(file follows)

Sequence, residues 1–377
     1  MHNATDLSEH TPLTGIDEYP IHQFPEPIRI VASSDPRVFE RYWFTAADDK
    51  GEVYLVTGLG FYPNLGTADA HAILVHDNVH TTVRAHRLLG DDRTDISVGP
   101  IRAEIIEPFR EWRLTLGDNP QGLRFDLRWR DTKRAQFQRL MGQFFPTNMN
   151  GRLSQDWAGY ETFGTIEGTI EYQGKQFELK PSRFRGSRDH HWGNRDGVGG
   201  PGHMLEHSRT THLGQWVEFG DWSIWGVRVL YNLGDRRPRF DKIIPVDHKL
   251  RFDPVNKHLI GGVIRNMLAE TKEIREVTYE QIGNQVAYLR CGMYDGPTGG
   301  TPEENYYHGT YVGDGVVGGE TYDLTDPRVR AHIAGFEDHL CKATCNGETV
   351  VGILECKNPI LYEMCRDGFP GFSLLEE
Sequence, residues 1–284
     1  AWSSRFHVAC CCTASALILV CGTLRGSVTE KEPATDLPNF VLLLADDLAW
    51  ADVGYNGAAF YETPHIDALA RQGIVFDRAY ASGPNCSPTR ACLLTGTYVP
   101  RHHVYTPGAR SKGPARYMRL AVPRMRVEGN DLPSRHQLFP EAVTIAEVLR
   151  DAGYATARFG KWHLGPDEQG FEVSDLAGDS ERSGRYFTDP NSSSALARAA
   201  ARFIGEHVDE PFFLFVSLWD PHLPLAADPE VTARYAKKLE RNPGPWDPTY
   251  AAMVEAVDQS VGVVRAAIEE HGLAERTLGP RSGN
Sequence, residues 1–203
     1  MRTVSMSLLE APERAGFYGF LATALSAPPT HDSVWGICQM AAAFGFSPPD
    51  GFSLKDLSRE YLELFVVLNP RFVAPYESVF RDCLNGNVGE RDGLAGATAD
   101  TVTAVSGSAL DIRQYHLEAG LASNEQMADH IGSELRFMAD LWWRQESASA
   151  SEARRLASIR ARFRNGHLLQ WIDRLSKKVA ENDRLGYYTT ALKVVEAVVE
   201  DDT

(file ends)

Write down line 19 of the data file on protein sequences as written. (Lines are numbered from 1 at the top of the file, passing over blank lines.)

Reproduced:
    51  GFSLKDLSRE YLELFVVLNP RFVAPYESVF RDCLNGNVGE RDGLAGATAD